A Colorado man is the first in the U.S. diagnosed with a new COVID-19 mutation that United Kingdom officials recently warned was significantly more contagious, according to state officials.
The man, who lives in Elbert County, is in his 20s, with no travel history and no close contacts yet identified, state officials said in a Tuesday news release, adding that a news conference Wednesday morning would provide more details. The man remains in isolation, and contact tracing continues.
“I’m not surprised,” Dr. Anthony Fauci, director of the National Institute of Allergy and Infectious Diseases, told The Washington Post Tuesday. “I think we have to keep an eye on it, and we have to take it seriously. We obviously take any kind of mutation that might have a functional significance seriously. But I don’t think we know enough about it to make any definitive statements, except to follow it carefully and study it carefully.”
That variant known as B.1.1.7 is the same one discovered in Europe earlier this month. It triggered alarm when announced by Britain’s prime minister and caused dozens of countries to ban flights from the United Kingdom, as well as strict lockdown measures in southern England. A similar variant emerged in South Africa and potentially Nigeria.
The World Health Organization has said while the variant may spread more easily from person to person, it isn’t necessarily more dangerous or deadly. A recent briefing on the mutation from England’s health department noted no statistically significant difference in hospitalization or fatality rates, nor in the likelihood of reinfection.
“There is a lot we don’t know about this new COVID-19 variant, but scientists in the United Kingdom are warning the world that it is significantly more contagious,” Colorado Gov. Jared Polis said in the release. “The health and safety of Coloradans is our top priority, and we will closely monitor this case, as well as all COVID-19 indicators. We are working to prevent spread and contain the virus at all levels.”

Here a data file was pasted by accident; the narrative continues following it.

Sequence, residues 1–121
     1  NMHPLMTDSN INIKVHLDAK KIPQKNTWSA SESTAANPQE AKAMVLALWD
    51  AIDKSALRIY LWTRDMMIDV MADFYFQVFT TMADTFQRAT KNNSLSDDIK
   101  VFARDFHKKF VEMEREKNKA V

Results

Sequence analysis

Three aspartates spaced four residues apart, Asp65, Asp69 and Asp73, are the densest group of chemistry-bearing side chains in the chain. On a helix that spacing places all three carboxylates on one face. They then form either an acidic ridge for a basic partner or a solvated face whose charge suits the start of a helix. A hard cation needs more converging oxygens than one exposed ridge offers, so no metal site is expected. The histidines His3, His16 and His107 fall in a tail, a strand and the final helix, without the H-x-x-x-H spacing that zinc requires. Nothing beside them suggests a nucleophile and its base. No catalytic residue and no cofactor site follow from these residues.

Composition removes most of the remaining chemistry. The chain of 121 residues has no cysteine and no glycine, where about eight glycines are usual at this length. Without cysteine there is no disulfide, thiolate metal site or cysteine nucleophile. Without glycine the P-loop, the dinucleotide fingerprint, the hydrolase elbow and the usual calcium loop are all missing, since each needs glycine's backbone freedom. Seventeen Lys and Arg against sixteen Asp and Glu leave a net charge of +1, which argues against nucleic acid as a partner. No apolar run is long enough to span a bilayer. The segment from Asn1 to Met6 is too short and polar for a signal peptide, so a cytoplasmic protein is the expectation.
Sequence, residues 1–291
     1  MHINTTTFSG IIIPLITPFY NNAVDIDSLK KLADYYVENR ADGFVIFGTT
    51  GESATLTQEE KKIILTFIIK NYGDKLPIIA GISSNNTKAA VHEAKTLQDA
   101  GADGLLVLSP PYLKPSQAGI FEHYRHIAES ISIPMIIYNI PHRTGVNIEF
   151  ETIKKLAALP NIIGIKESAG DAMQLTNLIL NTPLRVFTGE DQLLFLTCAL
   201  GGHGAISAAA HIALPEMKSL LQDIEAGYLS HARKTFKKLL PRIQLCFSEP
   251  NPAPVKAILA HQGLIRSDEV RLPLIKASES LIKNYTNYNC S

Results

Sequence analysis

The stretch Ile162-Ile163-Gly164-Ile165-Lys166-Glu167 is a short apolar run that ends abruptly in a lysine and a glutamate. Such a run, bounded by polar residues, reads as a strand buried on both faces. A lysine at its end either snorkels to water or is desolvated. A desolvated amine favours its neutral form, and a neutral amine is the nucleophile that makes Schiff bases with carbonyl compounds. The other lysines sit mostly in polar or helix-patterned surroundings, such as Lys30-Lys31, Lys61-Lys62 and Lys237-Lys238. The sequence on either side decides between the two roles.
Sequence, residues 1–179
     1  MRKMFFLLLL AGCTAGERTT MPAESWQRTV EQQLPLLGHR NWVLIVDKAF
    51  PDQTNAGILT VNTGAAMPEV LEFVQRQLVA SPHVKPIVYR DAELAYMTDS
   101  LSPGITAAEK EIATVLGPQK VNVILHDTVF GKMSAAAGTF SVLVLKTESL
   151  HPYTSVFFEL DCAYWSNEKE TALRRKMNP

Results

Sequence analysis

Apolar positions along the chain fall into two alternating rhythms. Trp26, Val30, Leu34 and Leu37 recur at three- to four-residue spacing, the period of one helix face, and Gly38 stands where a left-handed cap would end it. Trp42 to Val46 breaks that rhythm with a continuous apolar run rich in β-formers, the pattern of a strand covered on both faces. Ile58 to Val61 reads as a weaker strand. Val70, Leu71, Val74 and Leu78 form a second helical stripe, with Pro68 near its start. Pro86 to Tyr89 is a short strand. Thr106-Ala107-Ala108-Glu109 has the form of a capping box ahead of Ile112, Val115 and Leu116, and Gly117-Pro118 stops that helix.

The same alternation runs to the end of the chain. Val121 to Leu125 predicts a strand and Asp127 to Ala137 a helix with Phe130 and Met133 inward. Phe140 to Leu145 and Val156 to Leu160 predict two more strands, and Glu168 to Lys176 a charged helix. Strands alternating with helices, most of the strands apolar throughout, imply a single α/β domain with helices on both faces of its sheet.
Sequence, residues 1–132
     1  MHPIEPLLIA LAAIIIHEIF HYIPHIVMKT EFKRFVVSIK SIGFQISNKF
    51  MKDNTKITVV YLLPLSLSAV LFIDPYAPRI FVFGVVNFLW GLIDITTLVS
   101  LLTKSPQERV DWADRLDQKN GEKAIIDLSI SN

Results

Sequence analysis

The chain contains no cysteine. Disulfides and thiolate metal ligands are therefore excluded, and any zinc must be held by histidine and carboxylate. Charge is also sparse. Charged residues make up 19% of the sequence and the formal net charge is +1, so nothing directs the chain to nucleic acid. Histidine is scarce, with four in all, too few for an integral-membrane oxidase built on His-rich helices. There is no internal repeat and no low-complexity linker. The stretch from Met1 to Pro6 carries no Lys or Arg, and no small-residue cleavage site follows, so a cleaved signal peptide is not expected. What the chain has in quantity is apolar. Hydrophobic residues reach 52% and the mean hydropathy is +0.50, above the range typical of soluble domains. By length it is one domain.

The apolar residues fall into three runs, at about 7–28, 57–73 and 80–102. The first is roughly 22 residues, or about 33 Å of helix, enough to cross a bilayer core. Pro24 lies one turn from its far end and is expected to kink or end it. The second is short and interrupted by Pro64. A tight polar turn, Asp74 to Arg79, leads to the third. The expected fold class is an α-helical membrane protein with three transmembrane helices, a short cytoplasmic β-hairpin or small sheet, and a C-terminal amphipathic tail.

The virus has mutated more than 1,000 times since it first appeared, and the new strain appears to be 70% more easily transmitted than the dominant strain of COVID-19, a representative for the state’s coronavirus task force told The Gazette last week, adding, “we believe the vaccines will be just as effective with this variant as with others.”
The COVID-19 virus likely experiences significant mutations once or twice a month, Dr. Sam Dominguez, infectious disease specialist at Children’s Hospital Colorado, told The Gazette last week. Coronaviruses are prone to mutations, he said, adding that the introduction of a vaccine could cause the virus to mutate.
In general Colorado COVID-19 news:
– New infections reported to the state continue generally downward, with 1,158 new cases announced Tuesday — the lowest number since Oct. 21, and down from a peak of 6,618 cases announced Nov. 12.
– As of Tuesday the number of deaths directly caused by COVID was 3,803, while the number of deaths among patients who had COVID at their time of death, including those who died of other causes, was 4,687.
– The percent of individuals tested for COVID-19 whose results return positive was just over 6% Monday, half of what it was in November and early December. The World Health Organization recommended a rate of no more than 5% among communities wishing to reopen this spring.
– Nearly three-quarters of the state’s acute care and intensive care beds were in use as of Tuesday, figures that have held relatively steady after a recent slight decline, according to state data. Nearly 40% of adult critical care ventilators were in use Tuesday.
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